• Zombies vs. Satan Double Digital Creature Feature: Wiseguys vs. Zombies/Meat for Satan's Icebox

    Released By: Troma
    Released On:11/16/2004
    Director: Adam Mirarovich & Kevin Woods/David Silvio
    Cast: N/A
    Year: 2003/2004

    The Movies:

    Troma combines another pair of pustulant slabs of Tromatic entertainment on DVD with their double feature release of Zombies vs. Satan Double Digital Creature Feature: Wiseguys vs. Zombies/Meat for Satan's Icebox! More horror-comedy hybrid musing from the company that gave us such wonderful films as Lloyd Kaufman’s The Toxic Avenger and Richard W. Haines’ technicolor masterpiece, Class Of Nuke’m High? Yessir. That’s what this is, and here’s how it holds up…

    Wiseguys vs. Zombies 2/5

    A mobster known only as The Cuban is having an experimental drug shipped to Florida but it’s only a matter of time before it goes missing. Realizing the implications that the lose of this drug could have, he calls in Mr. Delbrone and his team of tough guys to find out what happened to the drug and why, regardless of who gets killed in the process. It doesn’t take the mobsters long to find the theives who hesited the drug and send them off to meet their maker, but once that’s over with they find that they have a bigger problem on their hands when the men they killed and stuffed in the trunk of their car start coming back to life as bloodthirty (and possibly a little inbred) zombies.

    While the idea of blending tough talking wise guys with gut munching zombies seems like a great idea on the surface, this one doesn’t quite live up to its potential. It has some clever moments and interesting gory snippets here and there that at least serve to make it entertaining, even if it’s hardly mind numbingly brilliant. Performances are pretty uneven in this one – a few of the guys are pretty good and convincing enough as mobsters, while a few others are obviously stretching their acting ability pretty thin.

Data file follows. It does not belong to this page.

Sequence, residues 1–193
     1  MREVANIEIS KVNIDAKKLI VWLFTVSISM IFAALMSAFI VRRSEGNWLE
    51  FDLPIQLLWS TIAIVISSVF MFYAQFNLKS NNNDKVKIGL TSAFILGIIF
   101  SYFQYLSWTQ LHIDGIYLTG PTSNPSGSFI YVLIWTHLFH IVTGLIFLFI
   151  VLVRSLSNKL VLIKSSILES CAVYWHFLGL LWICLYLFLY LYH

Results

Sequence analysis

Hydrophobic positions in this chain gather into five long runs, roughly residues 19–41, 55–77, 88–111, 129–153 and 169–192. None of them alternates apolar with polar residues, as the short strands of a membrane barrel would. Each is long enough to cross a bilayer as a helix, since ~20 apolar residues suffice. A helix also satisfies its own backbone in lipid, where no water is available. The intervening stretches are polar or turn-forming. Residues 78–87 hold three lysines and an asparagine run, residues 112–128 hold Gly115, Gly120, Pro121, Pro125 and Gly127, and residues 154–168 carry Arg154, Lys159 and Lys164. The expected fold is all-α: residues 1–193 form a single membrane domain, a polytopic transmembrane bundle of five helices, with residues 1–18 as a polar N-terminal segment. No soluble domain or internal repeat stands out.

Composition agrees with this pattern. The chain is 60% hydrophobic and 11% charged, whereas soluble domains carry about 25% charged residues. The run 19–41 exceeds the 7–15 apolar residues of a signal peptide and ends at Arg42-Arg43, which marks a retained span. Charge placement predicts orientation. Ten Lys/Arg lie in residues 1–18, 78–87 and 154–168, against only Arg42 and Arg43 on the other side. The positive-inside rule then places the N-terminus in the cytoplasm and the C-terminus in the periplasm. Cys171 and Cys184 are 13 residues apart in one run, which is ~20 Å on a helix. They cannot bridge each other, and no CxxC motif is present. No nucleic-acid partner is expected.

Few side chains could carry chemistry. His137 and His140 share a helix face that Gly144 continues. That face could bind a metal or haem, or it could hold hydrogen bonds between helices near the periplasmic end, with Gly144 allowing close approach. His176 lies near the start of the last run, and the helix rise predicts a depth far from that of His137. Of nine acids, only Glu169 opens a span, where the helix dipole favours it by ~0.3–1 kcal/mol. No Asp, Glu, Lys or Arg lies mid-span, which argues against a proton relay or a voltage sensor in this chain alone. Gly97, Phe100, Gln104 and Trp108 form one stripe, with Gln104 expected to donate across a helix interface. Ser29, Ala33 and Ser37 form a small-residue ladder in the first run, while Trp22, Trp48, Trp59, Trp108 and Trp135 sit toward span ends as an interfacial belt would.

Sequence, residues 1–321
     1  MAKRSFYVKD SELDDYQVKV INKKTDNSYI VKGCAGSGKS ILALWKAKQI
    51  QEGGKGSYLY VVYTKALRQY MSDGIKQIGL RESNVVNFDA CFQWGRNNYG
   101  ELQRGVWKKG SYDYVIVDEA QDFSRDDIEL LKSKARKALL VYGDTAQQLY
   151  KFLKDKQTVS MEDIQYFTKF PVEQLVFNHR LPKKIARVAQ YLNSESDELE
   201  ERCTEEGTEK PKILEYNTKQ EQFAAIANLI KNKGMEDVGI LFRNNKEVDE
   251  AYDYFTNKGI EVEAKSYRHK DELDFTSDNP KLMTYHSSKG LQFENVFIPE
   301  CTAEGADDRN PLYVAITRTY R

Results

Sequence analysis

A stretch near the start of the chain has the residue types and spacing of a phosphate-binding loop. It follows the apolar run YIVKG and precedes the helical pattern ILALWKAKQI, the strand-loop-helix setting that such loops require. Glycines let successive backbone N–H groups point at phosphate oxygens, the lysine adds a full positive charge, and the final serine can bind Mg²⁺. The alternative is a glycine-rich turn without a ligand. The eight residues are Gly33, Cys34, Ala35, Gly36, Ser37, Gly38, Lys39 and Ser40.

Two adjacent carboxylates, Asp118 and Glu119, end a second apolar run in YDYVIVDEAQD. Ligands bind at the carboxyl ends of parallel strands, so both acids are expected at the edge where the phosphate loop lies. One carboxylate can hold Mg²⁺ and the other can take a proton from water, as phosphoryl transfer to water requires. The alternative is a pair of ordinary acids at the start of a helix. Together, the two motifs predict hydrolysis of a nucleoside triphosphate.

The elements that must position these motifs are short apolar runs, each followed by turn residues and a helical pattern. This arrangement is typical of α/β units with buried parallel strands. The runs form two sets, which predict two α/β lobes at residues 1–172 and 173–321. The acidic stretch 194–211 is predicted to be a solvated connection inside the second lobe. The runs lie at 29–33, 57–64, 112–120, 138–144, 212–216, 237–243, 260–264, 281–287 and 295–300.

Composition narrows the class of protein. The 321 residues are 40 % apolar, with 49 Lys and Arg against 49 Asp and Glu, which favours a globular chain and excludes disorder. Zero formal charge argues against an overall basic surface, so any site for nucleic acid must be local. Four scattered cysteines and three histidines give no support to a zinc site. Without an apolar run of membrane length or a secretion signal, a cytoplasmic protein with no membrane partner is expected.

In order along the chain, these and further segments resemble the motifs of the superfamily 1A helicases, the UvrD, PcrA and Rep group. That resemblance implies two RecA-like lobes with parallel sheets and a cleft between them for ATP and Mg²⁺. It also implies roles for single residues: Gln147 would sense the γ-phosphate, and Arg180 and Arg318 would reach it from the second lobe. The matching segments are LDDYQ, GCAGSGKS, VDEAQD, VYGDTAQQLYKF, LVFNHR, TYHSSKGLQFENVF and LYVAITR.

Meat for Satan's Icebox 3/5

    This second feature tells the story of Cindy Cavatelli, an cranky teenage girl who, if it weren’t for bad luck, would have no luck at all. Since her mother was killed under rather mysterious circumstances, she lives with her perverted and abusive father in the ominously named locale of Satan Place, where the local slaughterhouse is the hub of the community.

    Where things start to get weirder is when we find out that there’s more than just animal meat being processed in this devious flesh factory - a fact that a lot of dead strippers end up finding out the hardway. When Cindy finds out what’s going on at the plant, the men who run the place want to in turn run her through the meat grinder so that she’ll keep her mouth shut. Cindy’s going to have to do something about all of this on her own, as everyone else in town is either nuts, completely untrustworthy, or even in on the bag.

    Chock full of corpse loving, incest, nasty violence and tasteless humor, Meat for Satan's Icebox is a truly twisted little movie. It takes things pretty far and isn’t afraid to rub the audiences nose in the foul little droppings it leaves on your TV screen. Plenty of gore, grisly jokes and taboo breaking imagery leaves little to the imagination and even if we’ve seen all of these ideas and themes played out before, the movie is still a pretty grotesque little effort that just might get under your skin a bit more than you think.